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There have been significant advances in the methods available for the detection and investigation of individuals with inherited metabolic disorders. The burgeoning of molecular biology in recent years and the discovery of new classes of inherited metabolic disorders, such as inborn errors of fat oxidation, are well known. What is perhaps less well recognised, is that there have been comparable advances in analysis and laboratory automation. The combination of the development of generic analytical technology of great power and sophistication, and the discovery of new treatable metabolic diseases detectable in the newborn period, has, we believe, resulted in a sea change in neonatal screening.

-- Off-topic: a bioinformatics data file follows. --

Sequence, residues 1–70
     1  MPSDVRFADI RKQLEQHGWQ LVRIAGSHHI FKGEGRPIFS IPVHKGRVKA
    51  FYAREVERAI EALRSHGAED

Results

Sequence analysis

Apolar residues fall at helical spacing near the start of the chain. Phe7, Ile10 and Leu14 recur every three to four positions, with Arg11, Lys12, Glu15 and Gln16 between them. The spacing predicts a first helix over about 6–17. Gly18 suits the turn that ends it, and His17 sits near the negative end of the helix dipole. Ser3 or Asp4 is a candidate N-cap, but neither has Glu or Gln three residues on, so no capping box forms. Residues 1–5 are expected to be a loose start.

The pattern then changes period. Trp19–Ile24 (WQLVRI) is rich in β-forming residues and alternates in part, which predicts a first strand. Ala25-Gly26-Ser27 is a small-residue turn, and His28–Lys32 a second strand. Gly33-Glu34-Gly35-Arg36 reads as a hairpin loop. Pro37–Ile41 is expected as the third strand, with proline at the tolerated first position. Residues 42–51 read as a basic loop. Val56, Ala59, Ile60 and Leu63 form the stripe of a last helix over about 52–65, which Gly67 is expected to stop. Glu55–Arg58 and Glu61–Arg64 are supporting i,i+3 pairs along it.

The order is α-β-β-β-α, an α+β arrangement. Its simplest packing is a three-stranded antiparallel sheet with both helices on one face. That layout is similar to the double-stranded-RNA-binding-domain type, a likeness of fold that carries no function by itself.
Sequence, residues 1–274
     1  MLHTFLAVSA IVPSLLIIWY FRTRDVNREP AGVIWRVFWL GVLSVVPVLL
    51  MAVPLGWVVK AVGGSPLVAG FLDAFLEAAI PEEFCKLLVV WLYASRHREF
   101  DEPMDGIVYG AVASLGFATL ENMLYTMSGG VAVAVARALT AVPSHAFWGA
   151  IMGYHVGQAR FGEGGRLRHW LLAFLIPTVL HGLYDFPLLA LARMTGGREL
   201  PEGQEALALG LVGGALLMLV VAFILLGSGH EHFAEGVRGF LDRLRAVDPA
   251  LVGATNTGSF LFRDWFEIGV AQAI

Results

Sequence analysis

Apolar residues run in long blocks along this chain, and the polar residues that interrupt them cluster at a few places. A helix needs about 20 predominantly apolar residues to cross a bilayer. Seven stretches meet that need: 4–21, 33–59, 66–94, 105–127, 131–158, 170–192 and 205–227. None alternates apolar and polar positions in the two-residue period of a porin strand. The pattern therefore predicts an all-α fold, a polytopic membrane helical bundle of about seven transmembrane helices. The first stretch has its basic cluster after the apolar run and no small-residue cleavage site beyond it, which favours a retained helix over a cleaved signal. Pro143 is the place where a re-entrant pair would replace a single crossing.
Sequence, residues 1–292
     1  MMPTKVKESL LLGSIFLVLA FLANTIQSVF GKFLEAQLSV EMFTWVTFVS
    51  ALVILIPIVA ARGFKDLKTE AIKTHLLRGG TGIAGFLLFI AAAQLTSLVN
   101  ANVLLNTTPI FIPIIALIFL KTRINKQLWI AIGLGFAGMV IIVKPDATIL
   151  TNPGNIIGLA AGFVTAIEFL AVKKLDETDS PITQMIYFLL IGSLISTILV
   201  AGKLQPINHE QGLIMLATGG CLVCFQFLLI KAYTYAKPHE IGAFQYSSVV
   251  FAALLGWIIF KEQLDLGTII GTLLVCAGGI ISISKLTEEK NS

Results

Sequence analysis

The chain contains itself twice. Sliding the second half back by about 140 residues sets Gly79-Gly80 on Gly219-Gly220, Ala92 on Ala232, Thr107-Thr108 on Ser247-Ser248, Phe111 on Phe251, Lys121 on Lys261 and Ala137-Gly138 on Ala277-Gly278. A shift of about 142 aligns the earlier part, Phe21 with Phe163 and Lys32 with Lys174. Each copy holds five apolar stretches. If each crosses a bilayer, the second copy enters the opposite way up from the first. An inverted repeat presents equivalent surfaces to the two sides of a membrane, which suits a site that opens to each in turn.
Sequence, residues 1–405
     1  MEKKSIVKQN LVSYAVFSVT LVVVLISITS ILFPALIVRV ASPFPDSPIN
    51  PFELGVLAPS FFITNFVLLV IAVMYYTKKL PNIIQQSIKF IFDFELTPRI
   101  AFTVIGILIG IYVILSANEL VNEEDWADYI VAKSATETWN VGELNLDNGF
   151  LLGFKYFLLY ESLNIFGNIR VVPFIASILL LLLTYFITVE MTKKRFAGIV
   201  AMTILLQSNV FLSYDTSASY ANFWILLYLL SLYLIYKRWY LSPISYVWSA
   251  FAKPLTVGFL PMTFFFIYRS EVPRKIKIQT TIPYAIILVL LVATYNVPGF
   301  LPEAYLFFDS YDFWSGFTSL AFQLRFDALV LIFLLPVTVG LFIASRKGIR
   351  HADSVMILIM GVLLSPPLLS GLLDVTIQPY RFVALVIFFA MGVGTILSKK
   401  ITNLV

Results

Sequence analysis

Neonatal screening for metabolic diseases became feasible as a result of the pioneering work of Guthrie. He developed a simple, robust, and effective technique for the detection of elevated concentrations of phenylalanine in blood—the “Guthrie Test”— which was used to detect phenylketonuria by means of a semi-quantitative microbiological bioassay.1 Screening for this disorder (PKU; phenylalanine hydroxylase deficiency; McKusick 261600) was subsequently implemented in the UK in 1969.2The specimens used are dried blood spots which are usually collected by means of a heel-prick on the sixth day of life, although later sampling, up to 14 days, can occur. This form of specimen collection has become almost universal. Quantitative assays specific for phenylalanine have been introduced by some centres, driven by the desire to introduce a degree of automation.3 4 An alternative approach is to use chromatographic methods, and this has been adopted by some centres.5 The proponents of this technology contend that other inherited disorders of amino acid metabolism can be detected and that improved prognosis may be achieved by early diagnosis. However, chromatographic methods are time consuming and difficult to automate, particularly in respect of the recognition of abnormal chromatograms. None …